Classification of a Salamander


All species are divided into classifications based on their characteristics and other genetically similar species. The broadest form of classification is kingdom; from there the next tier of classification is phylum, which are grouped by similar body structure. After phylum, animals are broken down into class, order, family, genus and then species.


  • Salamanders belong to the animal kingdom (Animalia), along with all other multicellular animals that cannot conduct photosynthesis. Photosynthesis is the process that plants, algae and some bacterias use to make energy from sunlight. Animals must ingest their energy.


  • The presence of the salamander's spinal chord land them in the phylum Chordata. Chordata consists of all complex fish and mammals with a spinal cord. This means that humans are also chordates. There are four stages in development that all chordates share in common, however, some of these stages may only be present as an embryo. They are: pharyngeal slits, a dorsal nerve cord, a notocord, and a post-anal tail. Pharyngeal slits are a series of slits that connect the inside of the throat to the outside throat, in some animals these are used as gills. The dorsal nerve cord is what we commonly refer to as the spinal cord in humans. The notocord is the cartilage support of the nerve cord, and the post-anal tail is the extension of the spine from the body.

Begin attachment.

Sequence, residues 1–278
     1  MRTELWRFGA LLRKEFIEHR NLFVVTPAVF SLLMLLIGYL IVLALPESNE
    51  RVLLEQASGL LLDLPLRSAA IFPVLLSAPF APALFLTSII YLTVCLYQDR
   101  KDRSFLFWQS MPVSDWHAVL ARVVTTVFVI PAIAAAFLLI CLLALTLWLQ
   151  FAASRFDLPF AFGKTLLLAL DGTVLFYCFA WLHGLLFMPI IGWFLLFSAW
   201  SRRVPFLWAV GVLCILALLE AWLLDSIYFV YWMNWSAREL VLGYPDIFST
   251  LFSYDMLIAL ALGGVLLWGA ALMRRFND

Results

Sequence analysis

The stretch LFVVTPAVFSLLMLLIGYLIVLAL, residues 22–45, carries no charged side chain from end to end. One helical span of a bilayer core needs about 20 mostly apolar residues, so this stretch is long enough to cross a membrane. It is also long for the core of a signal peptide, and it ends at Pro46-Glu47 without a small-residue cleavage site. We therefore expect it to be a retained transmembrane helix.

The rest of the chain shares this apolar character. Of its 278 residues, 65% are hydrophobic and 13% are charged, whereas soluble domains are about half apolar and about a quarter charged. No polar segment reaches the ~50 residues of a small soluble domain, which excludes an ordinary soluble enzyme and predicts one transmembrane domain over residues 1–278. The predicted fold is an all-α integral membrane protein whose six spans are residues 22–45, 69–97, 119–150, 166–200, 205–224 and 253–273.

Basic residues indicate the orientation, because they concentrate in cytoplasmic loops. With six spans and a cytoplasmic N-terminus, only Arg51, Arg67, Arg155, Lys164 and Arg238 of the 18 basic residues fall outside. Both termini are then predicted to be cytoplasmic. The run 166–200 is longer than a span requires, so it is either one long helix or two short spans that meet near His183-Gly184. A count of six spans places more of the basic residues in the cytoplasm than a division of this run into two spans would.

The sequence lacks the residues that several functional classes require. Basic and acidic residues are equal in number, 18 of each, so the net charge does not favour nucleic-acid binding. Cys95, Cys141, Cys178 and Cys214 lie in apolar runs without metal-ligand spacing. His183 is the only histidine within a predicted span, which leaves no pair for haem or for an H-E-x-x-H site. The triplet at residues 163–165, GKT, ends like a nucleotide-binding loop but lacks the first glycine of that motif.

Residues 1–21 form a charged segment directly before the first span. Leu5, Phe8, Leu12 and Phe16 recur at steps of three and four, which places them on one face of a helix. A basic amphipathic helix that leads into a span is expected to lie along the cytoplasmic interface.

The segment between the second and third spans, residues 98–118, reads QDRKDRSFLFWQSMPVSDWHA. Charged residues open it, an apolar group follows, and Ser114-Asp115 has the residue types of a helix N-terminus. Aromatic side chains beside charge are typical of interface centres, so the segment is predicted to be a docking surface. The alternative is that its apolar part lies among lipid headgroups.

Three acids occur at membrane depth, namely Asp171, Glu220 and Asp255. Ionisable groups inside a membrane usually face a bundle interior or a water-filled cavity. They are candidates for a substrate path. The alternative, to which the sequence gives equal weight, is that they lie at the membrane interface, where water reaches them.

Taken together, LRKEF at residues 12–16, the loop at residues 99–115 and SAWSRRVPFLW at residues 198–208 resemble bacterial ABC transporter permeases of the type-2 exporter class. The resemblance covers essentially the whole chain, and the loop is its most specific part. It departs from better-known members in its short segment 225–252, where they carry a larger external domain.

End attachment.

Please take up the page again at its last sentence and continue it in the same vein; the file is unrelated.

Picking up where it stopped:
• The phylum Chordata is divided into five classes: amphibians, birds, mammals, reptiles and fish. Salamanders belong to the amphibian class because they are cold-blooded and lack the ability to regulate their own body temperature internally.

Order & Family

  • Salamanders belong to the order Caudata, which means "tail." The order Caudata contains over 600 species of tailed amphibians which are divided into 9 families. These are: Amphiumidae, Ambystomatidae, Cryptobranchidae, Hynobiidae, Proteidae, Rhyacotritonidae, Salamandridae, Sirenidae and Plethodontidae.

Genus & Species

  • The Family Salamandridae has two subgroups. The first are the true salamanders and the second are the newts. This family has 21 genera which are home to 80 species found in North America, Europe and Asia. All species of Salamandridae produce a toxic chemical that they excrete from their skin when they feel threatened. The toxic secretions from salamanders in the genus Taricha have even been known to kill predators. Also, most species have a biphasic life meaning that they are born as tadpoles in water, but as they develop they become land dwellers.

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